It is always hard to come up with a system with cutting edge components without the accompanying problems and showstoppers. So this page can help you (and me), I hope you like it. This is in particular true for Linux users where unsupported hardware can be a nasty disappointment.
This page is pre published in order to process your input. So feel free to leave a much appreciated comment, below or here.
Before explaining why these specific components were chosen, here is a listing. One stop shopping was performed at Megekko.nl (for Belgium and Dutch readers):
- AMD Ryzen 5 PRO 4650G processor 3,7 GHz 8 MB L3 100-100000143MPK
- Asrock B550M-ITX/ac motherboard 90-MXBDH0-A0UAYZ
- Kingston DDR4 HyperX Predator 2x16GB 3200 HX432C16PB3K2/32
- Samsung 970 EVO 1TB M.2 2280 NVMe MZ-V7E1T0BW
- WD HDD 3.5″ 16TB S-ATA3 Gold WD161KRYZ
- Noctua NH-L9a-AM4 NH-L9a-AM4
- Existing NedCAD case plus Seasonic PSU and chassis fans
- Cherry Strait 3.0 USB keyboard JK-0350EU
- Logitech Mouse M500 910-003726
You may ask yourself why to choose those components, so here is an explanation:
- About the CPU:
- First of all, we recently started to use Asrock A300 systems with AMD Ryzen 5 3400G inside. They perform far beyond expectations. So, following the Ryzen abcdG APU path is obvious.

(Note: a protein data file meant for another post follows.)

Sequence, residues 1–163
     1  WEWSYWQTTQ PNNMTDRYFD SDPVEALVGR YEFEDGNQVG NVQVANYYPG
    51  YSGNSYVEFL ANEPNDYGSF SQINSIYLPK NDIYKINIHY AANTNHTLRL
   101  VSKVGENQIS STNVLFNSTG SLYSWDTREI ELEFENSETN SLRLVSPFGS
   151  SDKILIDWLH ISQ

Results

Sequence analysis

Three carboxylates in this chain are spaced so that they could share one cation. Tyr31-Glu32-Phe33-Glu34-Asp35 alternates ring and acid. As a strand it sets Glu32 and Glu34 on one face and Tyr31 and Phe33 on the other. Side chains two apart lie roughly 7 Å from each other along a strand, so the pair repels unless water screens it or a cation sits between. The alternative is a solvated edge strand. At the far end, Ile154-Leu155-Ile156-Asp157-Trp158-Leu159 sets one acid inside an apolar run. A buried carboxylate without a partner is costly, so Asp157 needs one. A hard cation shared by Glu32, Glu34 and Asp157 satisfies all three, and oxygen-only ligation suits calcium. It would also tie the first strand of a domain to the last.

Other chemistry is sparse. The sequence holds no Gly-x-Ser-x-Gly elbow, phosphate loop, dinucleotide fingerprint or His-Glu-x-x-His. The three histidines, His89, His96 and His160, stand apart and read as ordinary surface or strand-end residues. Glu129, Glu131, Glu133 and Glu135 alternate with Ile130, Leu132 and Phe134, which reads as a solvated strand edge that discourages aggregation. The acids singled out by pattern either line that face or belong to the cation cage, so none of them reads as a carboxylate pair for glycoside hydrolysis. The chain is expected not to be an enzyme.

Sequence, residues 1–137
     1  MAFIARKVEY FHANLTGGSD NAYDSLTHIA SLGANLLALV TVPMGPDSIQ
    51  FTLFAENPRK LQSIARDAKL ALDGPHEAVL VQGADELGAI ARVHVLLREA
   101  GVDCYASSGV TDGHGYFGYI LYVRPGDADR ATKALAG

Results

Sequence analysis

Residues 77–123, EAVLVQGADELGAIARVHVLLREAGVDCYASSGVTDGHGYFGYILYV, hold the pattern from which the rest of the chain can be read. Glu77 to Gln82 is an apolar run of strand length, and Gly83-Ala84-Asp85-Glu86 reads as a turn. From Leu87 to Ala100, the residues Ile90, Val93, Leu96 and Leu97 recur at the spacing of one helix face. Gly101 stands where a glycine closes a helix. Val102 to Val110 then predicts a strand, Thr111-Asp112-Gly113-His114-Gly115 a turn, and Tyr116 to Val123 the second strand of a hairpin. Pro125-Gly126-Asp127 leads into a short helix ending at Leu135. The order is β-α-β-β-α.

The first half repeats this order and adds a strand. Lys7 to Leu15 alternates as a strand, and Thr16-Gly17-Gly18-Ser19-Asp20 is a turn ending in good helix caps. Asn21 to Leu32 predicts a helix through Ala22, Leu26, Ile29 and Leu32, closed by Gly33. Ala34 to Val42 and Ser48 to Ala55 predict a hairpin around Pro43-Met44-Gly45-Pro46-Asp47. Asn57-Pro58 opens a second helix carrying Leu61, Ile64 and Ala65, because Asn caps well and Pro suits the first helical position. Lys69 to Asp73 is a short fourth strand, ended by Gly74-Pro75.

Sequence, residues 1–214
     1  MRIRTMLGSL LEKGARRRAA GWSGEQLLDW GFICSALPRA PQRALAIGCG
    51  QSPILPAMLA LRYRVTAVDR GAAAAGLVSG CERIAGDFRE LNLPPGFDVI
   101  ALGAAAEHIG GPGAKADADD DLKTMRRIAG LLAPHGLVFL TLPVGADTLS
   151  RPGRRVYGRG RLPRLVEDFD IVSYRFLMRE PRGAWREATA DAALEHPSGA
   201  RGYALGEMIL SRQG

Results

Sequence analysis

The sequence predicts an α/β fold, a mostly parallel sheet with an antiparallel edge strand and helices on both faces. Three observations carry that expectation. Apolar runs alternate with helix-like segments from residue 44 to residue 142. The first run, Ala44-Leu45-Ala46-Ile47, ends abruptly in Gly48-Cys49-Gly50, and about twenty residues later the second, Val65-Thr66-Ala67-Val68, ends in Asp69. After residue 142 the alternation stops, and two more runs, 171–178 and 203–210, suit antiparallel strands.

- Price performance ratio is an argument. It is about trying to find a balance without going too fancy, getting it over dimensioned and without shooting your legs because it doesn’t fulfil the needs. It also means trying to stick to Asrock’s QVL’s.
- The bulky bastard hard disk is needed for running rsnapshot, I use this machine to have an extra – extra back-up of our servers and in case of remote, off grid, operations I can get to our data. WD Gold series turned out to be fast and reliable over the past years.
- Why Asrock? Many years ago I was fed up with not getting proper support (Asus, hope it is better these days) so we changed to and standardized on Asrock. When you really run into serious trouble, they take their responsibility – although it can take some time and you may have to push a bit. So far, I am very happy with them.
- The motherboard Asrock B550M-ITX does mention AMD 4650G and Kingston HX432C16PB3 in the QVL and has an attractive price. All in all a balanced, tested and reliable mix.
- Cherry Stream – favourite – was not available, so Cherry Strait is an adventure. And about the mouse: After using the model for so many years my hand can’t handle any other shape anymore. Very personal and yes, all is wired too.
Caveats, do’s and dont’s
These listed points are discussed in detail later on.
- DDR4 memory modules are not properly recognized by the motherboard. While on the QVL, 2400 MHz was detected instead of 3200 MHz.
- The standard AMD Wraith CPU cooler interferes slightly with the memory modules. Finally I removed some of the plastic. The Noctua NH-L9a-AM4 is a better, but more expensive, choice.
- (X)ubuntu 20.10 returned kernel panics after presenting GRUB with a normal boot menu without offering options “try” or “install”.
- Xubuntu 20.04 left the system in a semi frozen state after an inactivity period.
- Xubuntu 20.04 fresh install left me with a not active sound card.
- Missing USB cable for the motherboard.
General verdict: Above expectations in general. Proper price performance ratio. Highly recommended for general purposes, virtual machines. CAD performance is poor so far. Not sure what the cause of this is, working on that.